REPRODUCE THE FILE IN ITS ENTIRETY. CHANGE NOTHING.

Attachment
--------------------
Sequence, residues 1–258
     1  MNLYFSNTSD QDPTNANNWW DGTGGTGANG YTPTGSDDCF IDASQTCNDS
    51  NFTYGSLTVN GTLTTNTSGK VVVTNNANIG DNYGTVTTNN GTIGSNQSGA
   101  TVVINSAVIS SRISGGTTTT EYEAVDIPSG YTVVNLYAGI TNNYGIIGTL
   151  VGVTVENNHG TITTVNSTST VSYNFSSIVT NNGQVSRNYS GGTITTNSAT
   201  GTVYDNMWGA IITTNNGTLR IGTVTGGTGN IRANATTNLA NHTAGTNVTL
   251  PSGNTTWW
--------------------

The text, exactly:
Sequence, residues 1–258
     1  MNLYFSNTSD QDPTNANNWW DGTGGTGANG YTPTGSDDCF IDASQTCNDS
    51  NFTYGSLTVN GTLTTNTSGK VVVTNNANIG DNYGTVTTNN GTIGSNQSGA
   101  TVVINSAVIS SRISGGTTTT EYEAVDIPSG YTVVNLYAGI TNNYGIIGTL
   151  VGVTVENNHG TITTVNSTST VSYNFSSIVT NNGQVSRNYS GGTITTNSAT
   201  GTVYDNMWGA IITTNNGTLR IGTVTGGTGN IRANATTNLA NHTAGTNVTL
   251  PSGNTTWW